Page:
- The Washington Times - Thursday, February 4, 2016

PORTSMOUTH, N.H. — Sen. Ted Cruz says anti-Obama sentiment is sweeping the nation and helping to fuel the grassroots movement behind his own presidential bid, and compares it to the revolution that powered Ronald Reagan to victory in 1980 over President Carter.

But Mr. Cruz is facing many Republican voters who fear he’s more like Mr. Obama than Reagan, saying the GOP hopeful strikes them as an ideological warrior who would struggle to get things done in Washington.

“I think he is a lot like Obama,” said Steve McMahon, 65, of Manchester, who is supporting Sen. Marco Rubio. “If you disagree with him, he will beat you down, he will attack you, as opposed to saying ‘Let’s work together.’ “

Mr. McMahon, a financial adviser, said he shares a lot Mr. Cruz’s beliefs, but questions whether the 45-year-old could get anything done given how he comes off as “divisive” and “angry” and the way in which he has butted heads with members of both parties.

“They don’t like him on his own side, and they don’t like him on the other side,” he said.

It’s a charge leveled first by Donald Trump, who said Mr. Cruz’s own colleagues in the Senate don’t like him.

Indeed, Mr. Cruz does not have any endorsements of fellow senators — though none of them echoed Mr. Trump’s attack on their colleague. By contrast Sen. Marco Rubio has garnered a half-dozen endorsements from fellow senators.

Al Horvath, a 74-year-old from North Hampton, New Hampshire, who attended a Cruz rally at a car dealership here Thursday, said he likes how Mr. Cruz would not bend easy on principles, but said he also is taking into account a candidate’s electability and ability to govern.

“I think [Rubio] might have an easier time getting along because of his personality, and it is likely that he might compromise a little bit more, but I don’t think on anything serious. So yeah he might have an easier time,” he said. “It is a factor. My gut tells me that he’s got a better chance of winning.”

Even some disgruntled Democrats are willing to give Mr. Rubio a look, but not Cruz.

“I look at Cruz as somebody who is as bad as Obama,” said Ellen Davis, of Hopkinton, who is hunting for a Republican to support in the general election. “They’ve got their political ideology and it is so far on the [left and right] that they can’t come and meet and do something for this country.”

But for some Republicans, Mr. Cruz’s unwavering approach to legislating is what’s attractive about him.

“When he says he is going to do something, he does it,” said David Smiley, 53, of Auburn. “He doesn’t back down from his word.”

Mr. Cruz’s solidified his rock star status among grassroots conservatives in 2013 when he held a 21-hour filibuster against Obamacare, and led an effort to defund the law that led to a 16-day partial government shutdown.

The move, however, frayed ties with fellow Republicans, who said Mr. Cruz was making promises to voters that were impossible for Congress to keep.

Mr. Cruz then flirted with further shutdowns by demanding Congress use the spending process to stop Mr. Obama’s immigration plans and delete federal funding for Planned Parenthood. He also called Senate Majority Leader Mitch McConnell, Kentucky Republican, a “liar” on the Senate floor.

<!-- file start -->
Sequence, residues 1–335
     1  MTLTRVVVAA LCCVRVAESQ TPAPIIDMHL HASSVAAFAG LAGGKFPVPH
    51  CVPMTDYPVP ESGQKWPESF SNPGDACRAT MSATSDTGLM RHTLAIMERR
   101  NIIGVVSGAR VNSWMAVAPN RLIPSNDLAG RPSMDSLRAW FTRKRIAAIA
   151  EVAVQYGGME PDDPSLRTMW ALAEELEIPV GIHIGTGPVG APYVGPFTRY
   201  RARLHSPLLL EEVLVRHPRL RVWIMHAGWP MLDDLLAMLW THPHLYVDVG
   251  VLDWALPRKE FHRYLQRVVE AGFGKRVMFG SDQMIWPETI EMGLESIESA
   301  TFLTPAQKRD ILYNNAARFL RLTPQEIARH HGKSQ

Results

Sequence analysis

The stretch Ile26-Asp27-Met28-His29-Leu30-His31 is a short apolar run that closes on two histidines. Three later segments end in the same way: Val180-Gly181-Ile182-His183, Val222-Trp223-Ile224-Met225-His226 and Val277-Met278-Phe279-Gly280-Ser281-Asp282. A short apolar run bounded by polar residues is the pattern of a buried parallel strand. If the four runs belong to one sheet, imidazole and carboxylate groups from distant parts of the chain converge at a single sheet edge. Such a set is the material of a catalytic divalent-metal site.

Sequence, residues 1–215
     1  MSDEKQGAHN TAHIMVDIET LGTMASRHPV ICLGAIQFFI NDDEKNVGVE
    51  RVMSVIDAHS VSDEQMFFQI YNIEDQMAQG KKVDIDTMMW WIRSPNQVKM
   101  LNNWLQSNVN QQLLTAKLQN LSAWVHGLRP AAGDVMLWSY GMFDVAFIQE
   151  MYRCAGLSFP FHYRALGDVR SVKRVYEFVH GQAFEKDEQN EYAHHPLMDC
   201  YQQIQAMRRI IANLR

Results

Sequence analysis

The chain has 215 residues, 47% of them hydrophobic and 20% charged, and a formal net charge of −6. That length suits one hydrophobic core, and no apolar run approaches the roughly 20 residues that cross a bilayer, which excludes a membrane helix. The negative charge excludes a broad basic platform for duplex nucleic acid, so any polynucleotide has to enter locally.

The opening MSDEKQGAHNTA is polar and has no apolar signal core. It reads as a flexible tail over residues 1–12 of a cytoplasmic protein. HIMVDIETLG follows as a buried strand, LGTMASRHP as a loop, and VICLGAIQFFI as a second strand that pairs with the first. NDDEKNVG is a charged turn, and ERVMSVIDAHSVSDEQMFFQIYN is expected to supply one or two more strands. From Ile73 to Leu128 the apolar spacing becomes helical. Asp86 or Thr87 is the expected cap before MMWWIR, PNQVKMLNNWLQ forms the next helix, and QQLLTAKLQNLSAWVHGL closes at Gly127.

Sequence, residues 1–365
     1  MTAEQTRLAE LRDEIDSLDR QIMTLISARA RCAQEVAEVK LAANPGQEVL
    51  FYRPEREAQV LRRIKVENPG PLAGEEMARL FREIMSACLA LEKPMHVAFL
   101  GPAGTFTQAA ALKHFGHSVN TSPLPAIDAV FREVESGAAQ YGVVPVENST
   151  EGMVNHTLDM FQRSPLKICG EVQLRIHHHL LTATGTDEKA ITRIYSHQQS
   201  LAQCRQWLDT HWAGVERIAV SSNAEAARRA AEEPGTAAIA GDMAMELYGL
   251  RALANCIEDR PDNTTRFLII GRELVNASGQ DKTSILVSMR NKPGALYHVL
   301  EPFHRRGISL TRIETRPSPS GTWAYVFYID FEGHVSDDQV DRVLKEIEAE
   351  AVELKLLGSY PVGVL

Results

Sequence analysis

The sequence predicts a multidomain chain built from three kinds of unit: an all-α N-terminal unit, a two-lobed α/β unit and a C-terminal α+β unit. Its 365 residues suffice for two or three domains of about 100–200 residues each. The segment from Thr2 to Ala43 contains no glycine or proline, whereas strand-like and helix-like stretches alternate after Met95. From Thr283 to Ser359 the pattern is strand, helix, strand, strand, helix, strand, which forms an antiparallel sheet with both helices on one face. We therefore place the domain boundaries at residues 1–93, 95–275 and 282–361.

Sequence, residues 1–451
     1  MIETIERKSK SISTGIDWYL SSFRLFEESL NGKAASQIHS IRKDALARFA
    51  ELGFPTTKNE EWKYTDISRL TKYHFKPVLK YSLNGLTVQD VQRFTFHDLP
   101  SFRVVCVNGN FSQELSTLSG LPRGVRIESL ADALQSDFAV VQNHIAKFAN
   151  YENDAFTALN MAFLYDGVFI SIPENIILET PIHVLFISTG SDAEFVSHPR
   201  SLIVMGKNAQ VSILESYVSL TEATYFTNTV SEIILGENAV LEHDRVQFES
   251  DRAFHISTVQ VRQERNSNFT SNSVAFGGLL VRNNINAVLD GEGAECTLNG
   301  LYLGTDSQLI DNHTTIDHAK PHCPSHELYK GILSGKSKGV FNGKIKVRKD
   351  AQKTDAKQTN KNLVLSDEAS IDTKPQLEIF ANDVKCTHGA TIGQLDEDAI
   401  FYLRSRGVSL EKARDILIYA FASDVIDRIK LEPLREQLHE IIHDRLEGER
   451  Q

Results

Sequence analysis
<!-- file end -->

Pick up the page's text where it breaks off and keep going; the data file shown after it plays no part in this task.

On Wednesday, new House Speaker Paul D. Ryan — without mentioning Mr. Cruz — criticized “voices in the conservative movement” who promised outcomes that were impossible to achieve with Mr. Obama wielding a veto in the White House.

Michael Bloomer, a sheriff who lives in Windham, N.H., said this week he is voting for Mr. Cruz because of the way he has stood on principle, and said he is no fan of Mr. Ryan - though he acknowledged that the Cruz approach has not made him many allies inside Washington.

“The establishment just doesn’t want him,” the 45-year-old. “The reason they are backing Rubio now is that he has already bent to them. With the Gang of Eight [immigration bill], he did exactly what they wanted.”

Mr. Cruz, who scored a victory in Iowa’s caucuses on Monday, has downplayed expectations for New Hampshire, where voters are more moderate on social issues.

But Mr. Cruz has received warm welcomes from large, electric crowds that have cheered his vows to rescind President Obama’s “unconstitutional” executive orders, repeal Obamacare, abolish the IRS and defeat the Islamic State terrorists.

Speaking in Nashua this week, Mr. Cruz said his win in Iowa was a victory “for millions of courageous conservatives across this country” and likened the current political environment to the late 1970s when the Reagan coalition came together to end the Carter administration.

“The same thing is happening here,” Mr. Cruz said. “All across New Hampshire, all across this country, people are waking up and it took Jimmy Carter to give us Ronald Reagan.”

“I am convinced that the most long lasting legacy of Barack Obama is going to be a new generation of leaders in the Republican party who stand and fight for freedom, who stand stand and fight for the constitution, who stand for the Judeo-Christian values that built America,” he said, sparking prolonged applause from the crowd.

Frank Stoughton, a Cruz supporter, said he expects a President Cruz to forge new coalitions, saying the Texan is operating from a position of power because his arguments are based on the Constitution.

“The question is: What is the right thing to do?” Mr. Stoughton said. “That is a stronger impulse than what happens if he gets to be president.”

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